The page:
There are hardier rosemary cultivars (‘Arp’, ‘Madalene Hill’) that, with a warming climate might live through a Zone 5 winter.
If the plant is healthy, mature and well-rooted in a sheltered spot at the base of a stone wall, with perfect drainage and winter protection – and winter temperatures don’t yo-yo.
Might. That’s a lot of if’s.
I’m not taking any chances with my big beautiful gnarly plant. I grew it from the cutting of a cutting from the rosemary bush outside the Lombardy home my family left in 1903.
The original plant (from a cutting she smuggled in her shoe) was entrusted to me by my great aunt after she turned 100 – and I blew it.
I killed quite a few rosemary plants before the late Joanna Reed, one-time Herb Society of America president, showed me how she overwintered the huge pots of rosemary set out in her Pennsylvania garden year after year.
Here’s the trick:
Joanna’s trick was to keep plants outside as long as possible in the fall, until it got cold, but not below freezing, then overwinter plants in a cool sunny place.
That lets plants go dormant and stay that way until spring – as nature intended.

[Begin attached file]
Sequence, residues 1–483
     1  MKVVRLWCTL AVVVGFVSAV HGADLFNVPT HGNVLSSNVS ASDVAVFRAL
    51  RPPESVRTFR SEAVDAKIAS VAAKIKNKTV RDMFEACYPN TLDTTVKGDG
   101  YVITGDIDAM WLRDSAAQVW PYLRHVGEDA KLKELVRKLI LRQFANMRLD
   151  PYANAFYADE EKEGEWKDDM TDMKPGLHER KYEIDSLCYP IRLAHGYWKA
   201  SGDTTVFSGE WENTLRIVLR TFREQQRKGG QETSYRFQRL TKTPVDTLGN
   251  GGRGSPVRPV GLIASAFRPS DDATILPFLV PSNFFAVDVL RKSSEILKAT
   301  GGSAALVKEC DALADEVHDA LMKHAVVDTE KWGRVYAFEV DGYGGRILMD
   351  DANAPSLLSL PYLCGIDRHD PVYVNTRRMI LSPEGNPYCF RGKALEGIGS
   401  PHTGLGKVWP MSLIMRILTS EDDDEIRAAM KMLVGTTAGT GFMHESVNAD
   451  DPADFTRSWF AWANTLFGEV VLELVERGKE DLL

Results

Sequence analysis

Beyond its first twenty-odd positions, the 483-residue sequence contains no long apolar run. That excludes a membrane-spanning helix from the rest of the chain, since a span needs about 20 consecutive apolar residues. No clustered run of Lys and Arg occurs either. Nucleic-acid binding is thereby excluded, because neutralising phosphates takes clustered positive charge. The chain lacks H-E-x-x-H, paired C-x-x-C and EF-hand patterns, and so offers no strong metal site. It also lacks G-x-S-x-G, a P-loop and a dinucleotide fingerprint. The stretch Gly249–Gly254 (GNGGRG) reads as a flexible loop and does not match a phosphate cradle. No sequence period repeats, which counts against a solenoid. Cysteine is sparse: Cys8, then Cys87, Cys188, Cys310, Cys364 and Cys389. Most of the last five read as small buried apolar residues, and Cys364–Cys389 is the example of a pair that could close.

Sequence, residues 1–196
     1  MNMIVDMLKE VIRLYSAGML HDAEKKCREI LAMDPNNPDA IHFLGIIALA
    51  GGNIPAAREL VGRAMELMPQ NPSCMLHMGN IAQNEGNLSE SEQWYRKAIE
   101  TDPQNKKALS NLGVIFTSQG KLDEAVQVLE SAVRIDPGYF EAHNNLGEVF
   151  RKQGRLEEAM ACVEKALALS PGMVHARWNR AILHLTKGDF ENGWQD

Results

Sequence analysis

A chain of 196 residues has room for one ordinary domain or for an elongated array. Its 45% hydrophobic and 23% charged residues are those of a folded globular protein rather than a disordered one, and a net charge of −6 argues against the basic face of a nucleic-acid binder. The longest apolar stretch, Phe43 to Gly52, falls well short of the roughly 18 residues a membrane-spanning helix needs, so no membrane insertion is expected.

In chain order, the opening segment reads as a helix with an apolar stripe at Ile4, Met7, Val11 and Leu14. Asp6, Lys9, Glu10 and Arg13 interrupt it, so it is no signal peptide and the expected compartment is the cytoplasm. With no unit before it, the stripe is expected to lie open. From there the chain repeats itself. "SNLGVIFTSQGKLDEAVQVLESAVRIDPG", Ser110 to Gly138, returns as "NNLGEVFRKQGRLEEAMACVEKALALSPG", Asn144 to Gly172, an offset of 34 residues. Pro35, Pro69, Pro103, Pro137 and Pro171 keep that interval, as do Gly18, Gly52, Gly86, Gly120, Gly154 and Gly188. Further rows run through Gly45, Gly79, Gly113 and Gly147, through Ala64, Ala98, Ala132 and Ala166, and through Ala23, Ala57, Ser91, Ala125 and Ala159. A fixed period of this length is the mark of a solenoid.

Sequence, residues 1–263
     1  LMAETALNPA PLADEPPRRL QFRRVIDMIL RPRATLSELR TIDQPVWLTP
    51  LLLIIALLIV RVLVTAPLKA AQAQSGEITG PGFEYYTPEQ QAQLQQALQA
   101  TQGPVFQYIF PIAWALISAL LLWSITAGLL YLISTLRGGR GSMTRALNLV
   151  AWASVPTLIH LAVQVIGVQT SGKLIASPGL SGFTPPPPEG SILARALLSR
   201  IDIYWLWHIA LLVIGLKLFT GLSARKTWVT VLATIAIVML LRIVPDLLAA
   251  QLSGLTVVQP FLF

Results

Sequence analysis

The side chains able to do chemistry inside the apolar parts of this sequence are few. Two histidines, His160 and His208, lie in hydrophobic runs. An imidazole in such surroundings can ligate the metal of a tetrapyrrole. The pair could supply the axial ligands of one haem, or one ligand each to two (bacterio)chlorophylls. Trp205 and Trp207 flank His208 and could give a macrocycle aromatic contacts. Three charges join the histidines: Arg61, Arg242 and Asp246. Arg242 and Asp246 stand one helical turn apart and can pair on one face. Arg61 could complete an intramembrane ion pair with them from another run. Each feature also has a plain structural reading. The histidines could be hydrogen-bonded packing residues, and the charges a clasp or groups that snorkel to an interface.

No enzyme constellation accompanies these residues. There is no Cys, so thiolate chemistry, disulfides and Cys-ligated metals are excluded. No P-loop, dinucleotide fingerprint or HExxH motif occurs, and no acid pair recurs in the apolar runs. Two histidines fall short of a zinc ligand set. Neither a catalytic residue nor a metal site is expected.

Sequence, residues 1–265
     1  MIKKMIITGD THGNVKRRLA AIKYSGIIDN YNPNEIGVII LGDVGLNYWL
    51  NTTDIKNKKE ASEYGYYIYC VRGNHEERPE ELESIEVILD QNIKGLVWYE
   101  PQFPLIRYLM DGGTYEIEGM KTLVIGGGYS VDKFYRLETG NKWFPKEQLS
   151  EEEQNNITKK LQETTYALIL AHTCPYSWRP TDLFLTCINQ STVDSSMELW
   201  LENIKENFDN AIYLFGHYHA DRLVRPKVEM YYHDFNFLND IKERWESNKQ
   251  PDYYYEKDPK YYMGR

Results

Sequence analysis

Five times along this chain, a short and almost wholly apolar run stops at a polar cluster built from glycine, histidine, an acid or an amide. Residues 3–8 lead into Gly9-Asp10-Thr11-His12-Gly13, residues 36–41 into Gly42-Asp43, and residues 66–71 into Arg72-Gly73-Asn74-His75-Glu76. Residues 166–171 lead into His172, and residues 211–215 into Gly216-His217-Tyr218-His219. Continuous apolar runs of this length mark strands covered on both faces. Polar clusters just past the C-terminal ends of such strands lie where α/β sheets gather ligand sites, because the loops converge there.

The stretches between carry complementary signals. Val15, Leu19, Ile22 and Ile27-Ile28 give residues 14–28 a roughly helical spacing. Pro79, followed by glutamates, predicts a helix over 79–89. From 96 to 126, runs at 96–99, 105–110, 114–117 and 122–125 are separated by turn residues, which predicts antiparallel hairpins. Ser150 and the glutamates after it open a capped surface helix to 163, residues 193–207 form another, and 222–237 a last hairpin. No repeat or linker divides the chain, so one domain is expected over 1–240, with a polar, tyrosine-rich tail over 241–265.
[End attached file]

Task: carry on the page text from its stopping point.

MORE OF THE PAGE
Lovingly treating rosemary like a houseplant – keeping it warm, watered and misted – is a good way to lose the plant before spring rolls around again.
Joanna had a ground-level screened-in porch with a brick or stone floor and storm panels for winter. She just packed her plants into this bright, protected space, as I recall, just leaving them there untended, although she may have watered occasionally.
I wrestled my plant, now in a very large container, into my southwest-facing walk-in basement on Halloween, along with my now defoliated and dormant fig tree.
I do water – sparingly, when the soil dries out. Rosemary requires more water than expected (I’ve killed them by underwatering too), especially in a cool but not cold space.
One fall I wasn’t paying close enough attention and my great aunt’s plant froze on a cold night.
Fortunately, rosemary roots easily in a glass of water. I had a baby already potted up. I’m taking good care of her now. A dozen years later she’s magnificent.
My son and I love to root and share progeny of this heritage plant. If I ever miscalculate nighttime temperatures again, I know where to beg a cutting.